It’s Bob Burg month and here is another article worth checking out. If you want to see Bob Burg speak live – here is where you can find him:
June 30th, 2011 by Bob Burg (reprinted by Mark Hiatt with permission by Burg Communications, Inc.)
The late John Wooden; great human being and Hall-of-Fame coach of the record-setting UCLA basketball team (10 national championships in 12 years), wrote about the traits of “courtesy, politeness and consideration.”
“People like to help, to be polite, to be considerate. I believe it’s basic human nature. And it’s a funny thing; when you start displaying courtesy, politeness and consideration, people start displaying them right back.”
“But” one might ask, “shouldn’t one do this just because it’s right?”
Sure. However, the results are simply the natural and benevolent effect.
“But, isn’t it contradictory to be nice if it’s serving a direct purpose?”
For those of you that don’t know Bob Burg – I highly recommend his book “The Go-Giver”. It is a quick read and a very enjoyable read. And it really had a big effect on me. Being in the networking business, I have been focused on giving and helping others understand how giving can change their lives.
But Bob threw another word at me that I had not been using: “Value” (more…)
Leads Group Success Path – Article #2
There you are sitting in a leads group meeting with multiple networking partners* (or even meeting informally in the coffee shop with one networking partner). Your time to talk has come. You stand up to tell a little bit about yourself. Maybe you have a minute – maybe ten minutes.
What do you say?
Wait a minute. Don’t answer yet. What are the ramifications for NOT saying something worthwhile? Do you lose that minute? Do you lose ten minutes? Or do you possibly lose a lot more?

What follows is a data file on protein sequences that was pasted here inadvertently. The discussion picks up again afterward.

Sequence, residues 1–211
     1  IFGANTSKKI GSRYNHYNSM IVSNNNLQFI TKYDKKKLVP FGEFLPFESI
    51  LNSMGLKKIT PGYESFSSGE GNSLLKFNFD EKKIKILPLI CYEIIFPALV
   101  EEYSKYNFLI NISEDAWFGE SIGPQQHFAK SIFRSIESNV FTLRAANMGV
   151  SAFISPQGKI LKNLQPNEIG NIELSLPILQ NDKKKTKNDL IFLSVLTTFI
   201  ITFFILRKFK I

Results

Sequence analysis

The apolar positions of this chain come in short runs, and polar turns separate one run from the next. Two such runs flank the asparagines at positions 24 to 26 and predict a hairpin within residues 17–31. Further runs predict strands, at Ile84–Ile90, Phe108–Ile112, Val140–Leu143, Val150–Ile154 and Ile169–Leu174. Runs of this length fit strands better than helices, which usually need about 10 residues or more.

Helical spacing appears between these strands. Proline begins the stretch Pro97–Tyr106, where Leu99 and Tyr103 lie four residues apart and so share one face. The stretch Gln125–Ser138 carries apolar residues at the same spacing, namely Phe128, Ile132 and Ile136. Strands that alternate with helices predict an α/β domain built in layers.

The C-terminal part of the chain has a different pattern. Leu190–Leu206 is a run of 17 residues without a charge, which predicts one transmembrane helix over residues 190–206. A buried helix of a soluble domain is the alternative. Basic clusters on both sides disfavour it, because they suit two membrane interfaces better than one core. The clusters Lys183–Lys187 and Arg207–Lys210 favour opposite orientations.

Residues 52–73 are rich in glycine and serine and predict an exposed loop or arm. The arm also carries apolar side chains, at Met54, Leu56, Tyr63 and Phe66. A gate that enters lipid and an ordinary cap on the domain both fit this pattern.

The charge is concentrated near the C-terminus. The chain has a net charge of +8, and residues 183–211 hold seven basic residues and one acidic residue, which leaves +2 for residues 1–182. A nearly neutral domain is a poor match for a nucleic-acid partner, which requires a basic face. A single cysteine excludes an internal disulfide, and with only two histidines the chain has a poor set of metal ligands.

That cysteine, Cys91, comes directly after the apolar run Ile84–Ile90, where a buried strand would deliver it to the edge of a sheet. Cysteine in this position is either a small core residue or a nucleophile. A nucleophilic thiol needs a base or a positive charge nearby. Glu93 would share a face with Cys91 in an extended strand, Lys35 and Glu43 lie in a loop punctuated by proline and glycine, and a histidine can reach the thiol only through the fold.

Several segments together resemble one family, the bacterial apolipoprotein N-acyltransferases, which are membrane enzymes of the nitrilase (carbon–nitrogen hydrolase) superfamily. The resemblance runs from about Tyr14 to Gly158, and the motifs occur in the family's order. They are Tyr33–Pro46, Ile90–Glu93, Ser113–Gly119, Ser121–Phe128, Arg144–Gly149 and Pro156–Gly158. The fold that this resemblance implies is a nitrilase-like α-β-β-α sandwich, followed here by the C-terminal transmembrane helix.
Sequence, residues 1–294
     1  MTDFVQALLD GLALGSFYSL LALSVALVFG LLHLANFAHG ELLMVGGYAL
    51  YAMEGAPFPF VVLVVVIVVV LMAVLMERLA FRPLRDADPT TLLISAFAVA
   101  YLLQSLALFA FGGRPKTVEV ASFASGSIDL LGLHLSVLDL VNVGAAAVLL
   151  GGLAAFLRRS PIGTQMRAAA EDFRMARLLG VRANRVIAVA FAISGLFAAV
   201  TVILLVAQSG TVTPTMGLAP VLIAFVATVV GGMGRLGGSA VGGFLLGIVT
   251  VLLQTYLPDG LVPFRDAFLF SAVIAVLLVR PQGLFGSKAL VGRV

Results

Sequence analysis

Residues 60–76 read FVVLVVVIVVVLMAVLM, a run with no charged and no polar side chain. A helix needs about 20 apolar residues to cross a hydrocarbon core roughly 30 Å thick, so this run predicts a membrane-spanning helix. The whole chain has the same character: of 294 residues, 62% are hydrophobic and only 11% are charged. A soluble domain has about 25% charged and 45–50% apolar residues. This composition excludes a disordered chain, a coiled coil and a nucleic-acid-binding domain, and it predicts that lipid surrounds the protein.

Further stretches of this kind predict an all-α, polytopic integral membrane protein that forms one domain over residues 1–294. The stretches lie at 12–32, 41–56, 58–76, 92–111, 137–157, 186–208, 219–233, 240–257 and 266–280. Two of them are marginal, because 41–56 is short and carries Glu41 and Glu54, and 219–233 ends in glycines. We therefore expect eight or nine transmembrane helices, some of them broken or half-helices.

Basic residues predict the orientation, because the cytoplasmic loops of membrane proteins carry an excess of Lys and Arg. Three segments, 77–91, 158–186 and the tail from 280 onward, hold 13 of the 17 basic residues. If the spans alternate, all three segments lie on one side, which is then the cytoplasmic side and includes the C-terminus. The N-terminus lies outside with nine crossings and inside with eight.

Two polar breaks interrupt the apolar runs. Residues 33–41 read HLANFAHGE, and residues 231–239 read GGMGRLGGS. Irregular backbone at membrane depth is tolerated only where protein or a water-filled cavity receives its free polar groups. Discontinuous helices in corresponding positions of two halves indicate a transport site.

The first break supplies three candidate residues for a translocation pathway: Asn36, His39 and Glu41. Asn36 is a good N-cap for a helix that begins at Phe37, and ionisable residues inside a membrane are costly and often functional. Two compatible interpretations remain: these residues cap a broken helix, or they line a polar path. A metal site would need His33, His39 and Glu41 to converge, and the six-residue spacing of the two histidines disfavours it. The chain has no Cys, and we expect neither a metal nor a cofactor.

Empower Your Fellow Members With This Amazing Leads Group Tool
Leads Group Success Path – article #1
Do you take your fellow leads group members for granted?
Your first inclination might be to say, “of course not – I appreciate every lead they send me.”
Sometimes it is necessary, as the cartoon character Snagglepuss phrased it, to “exit, stage right” – or left or up or down or anywhere, really, that is not directly in front of the NA (New Acquaintance). Anyone who has been networking has encountered at least one situation where you ask: How do I get out of this conversation? This article contains the answer you seek. But, as with all good answers, we have to determine the right question.
Harvard Psychologist Ellen Langer (www.ellenlanger.com) conducted an experiment that involved cutting in line to use a copy machine. Three questions were used with interesting results:
We continue in this QuickTip with another excerpt from 12 Weeks to Leads Group Success.
By Mark Hiatt As we discussed in the last Networking QuickTip, leads groups are a good case study to learn about networking success.